When XBT Holding S.A. decided to simplify how its subsidiaries provided global hosting, network solutions, and web development they turned to the open source cloud infrastructure platform OpenStack. By consolidating the offerings under a single service provider, Servers.com, customers can more easily browse, mix, compare and choose the most suitable services.
"Our companies provide many different services ranging from low latency VPS to powerful enterprise dedicated servers," said Rajesh Kumar Mishra, Chief Financial Officer of XBT, when Servers.com was announced in March. "However, until now to benefit from these services, a customer would have to contact the particular company, without any knowledge of the other options.”
To create and manage this multi-faceted offering required powerful, capable, reliable software -- preferable as a "stack" of components engineered to work together.
OpenStackprovided the flexibility XBT needed to marry all of its services. The Apache-licensed platform is a collection of interrelated projects used to control and manage data center resources like processing, storage, and networking. It can thus be configured in many ways to create private or public clouds, and works with enterprise and open source technologies – making it ideal for heterogeneous infrastructure.
"We wanted an open-source platform, so we could tune services for customer needs, said Nick Dvas, Project Manager for Servers.com. "And we wanted a solution that could scale up for carrier-grade activity, and integrate with other open and proprietary enterprise environments."
It also needed to be stable and robust. Currently, XBT's companies have over 1,000 racks of gear in five data centers and are managing more than 16,000 servers. Servers.com customers have their choice of servers, based on Dell hardware, that run from single through quad-CPU, four through 12 cores, and anywhere from 32 to 768 gigabytes (GB) of RAM, and 14 drives. Applications for Servers.com cloud, cloud server, and cloud storage services include e-commerce, gaming, finance, and development.
Servers.com takes advantage of XBT's existing physical infrastructure, Dvas is quick to point out. "We have state-of-the-art private networking, including 10 GB to every server in our data centers in Dallas and Amsterdam. We can offer private networks between dedicated bare-metal and cloud servers among other options.”
OpenStack for Flexibility, Reliability, Scalability
XBT acquired the Servers.com domain name in December 2013, and active development of Servers.com as a product offering was started in the fall of 2014, Dvas said. In March 2015, XBT announced that Servers.com was "in the final stage of development."
"OpenStack was mature enough to be used to build clouds -- and at that time, OpenStack was the only open platform with sufficiently mature quality," says Dvas. "We looked at other options, like CloudStack. But we didn't see any real alternative in the market that met our requirements. OpenStack allows us to build compute and storage platforms that are secure, reliable, and scalable to serve as public and private cloud. We still consider OpenStack the only open platform of sufficient quality."
OpenStack's open-source status was very important in XBT's selection, Dvas notes. No other cloud platform would allow service providers to build public clouds out of the box, he said.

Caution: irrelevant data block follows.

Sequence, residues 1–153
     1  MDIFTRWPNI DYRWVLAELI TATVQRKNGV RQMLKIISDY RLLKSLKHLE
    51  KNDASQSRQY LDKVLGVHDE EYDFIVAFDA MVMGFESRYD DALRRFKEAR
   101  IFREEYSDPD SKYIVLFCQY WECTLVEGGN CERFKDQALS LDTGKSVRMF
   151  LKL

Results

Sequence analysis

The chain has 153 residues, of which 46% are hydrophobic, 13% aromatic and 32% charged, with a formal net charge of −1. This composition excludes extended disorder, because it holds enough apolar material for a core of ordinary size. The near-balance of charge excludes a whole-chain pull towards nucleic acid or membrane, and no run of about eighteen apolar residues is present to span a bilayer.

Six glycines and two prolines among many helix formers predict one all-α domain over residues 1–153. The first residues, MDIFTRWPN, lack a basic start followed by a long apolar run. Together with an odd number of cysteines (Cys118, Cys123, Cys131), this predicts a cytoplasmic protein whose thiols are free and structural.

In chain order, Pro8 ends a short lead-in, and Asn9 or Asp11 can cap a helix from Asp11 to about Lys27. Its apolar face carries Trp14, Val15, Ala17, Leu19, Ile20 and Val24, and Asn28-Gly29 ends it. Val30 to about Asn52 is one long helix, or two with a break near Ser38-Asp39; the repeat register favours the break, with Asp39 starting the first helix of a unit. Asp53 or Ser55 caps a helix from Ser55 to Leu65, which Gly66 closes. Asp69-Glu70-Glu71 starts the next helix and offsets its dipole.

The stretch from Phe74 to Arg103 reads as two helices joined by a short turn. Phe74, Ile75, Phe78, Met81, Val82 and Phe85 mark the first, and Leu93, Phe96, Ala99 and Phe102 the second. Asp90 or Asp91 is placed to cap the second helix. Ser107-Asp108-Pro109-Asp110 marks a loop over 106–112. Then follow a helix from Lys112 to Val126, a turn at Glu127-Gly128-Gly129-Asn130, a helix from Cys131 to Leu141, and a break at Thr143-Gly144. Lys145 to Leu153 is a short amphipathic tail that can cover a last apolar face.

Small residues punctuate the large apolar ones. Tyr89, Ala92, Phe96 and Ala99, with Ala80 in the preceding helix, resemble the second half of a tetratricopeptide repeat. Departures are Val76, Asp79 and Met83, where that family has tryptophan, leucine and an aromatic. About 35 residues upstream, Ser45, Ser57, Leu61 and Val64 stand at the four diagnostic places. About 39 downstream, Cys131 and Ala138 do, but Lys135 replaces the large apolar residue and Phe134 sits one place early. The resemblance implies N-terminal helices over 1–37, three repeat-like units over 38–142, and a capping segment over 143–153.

“Closed-source enterprise level cloud platforms like VMware, or Microsoft Hyper-V, are built and designed for private clouds,” Dvas said. “If you're creating public, service-provider clouds, it is very important to have much more scalability, and the possibility of integration between other services of the same service provider, and the cloud platform. For example, we needed to be able to integrate our bare-metal offerings with our cloud services."
"We would have considered other options -- closed-source -- if they met our requirements at the time," Dvas acknowledges. "But there was no perfect fit in the closed-source world. We had to be able to modify. So we embraced OpenStack."
XBT is no stranger to open source software, says Dvas. "Our customers have been using, and we have been managing, open source systems, like Linux and BSD. We've been actively using OpenStack components like Neutron for networking, and Swift for storage.”
They have also been contributing to OpenStack and have sent employees to the last two OpenStack Summits as technical contributors.
"We recently contributed a significant improvement to a metering agent for the Neutron networking plug-in," notes Dvas.
Other open source components in use at XBT, says Dvas, "include the Nginx web server behind XBT's content delivery/distribution network (CDN), helping us serve large amounts -- hundreds of gigabits per second -- of traffic. We use BackOffice as the management system that provides fulfillment of servers, and on top of the OpenStack cloud. And I'm personally a heavy user of the Vim text editor, I spend about half my day with it open in a terminal window -- not for editing code, but as a to-do list manager."
Lessons Learned, And Other Advice
For customers, "it's important to know that OpenStack is a mature technology," says Dvas. "When managed by a proper operational team, and handled with sufficient care by your service provider, OpenStack is secure, and reliable, and allows you the same amount of scalability and features as any other platform."
For others in the industry, e.g., other cloud builders, "implementing OpenStack requires skilled engineers, and you may need to do a lot of development to adapt OpenStack to your needs," Dvas cautions. "That's one reason we offer to the professional services to our largest customers to do the building of private clouds for them, if they need that done, rather than have them do it themselves."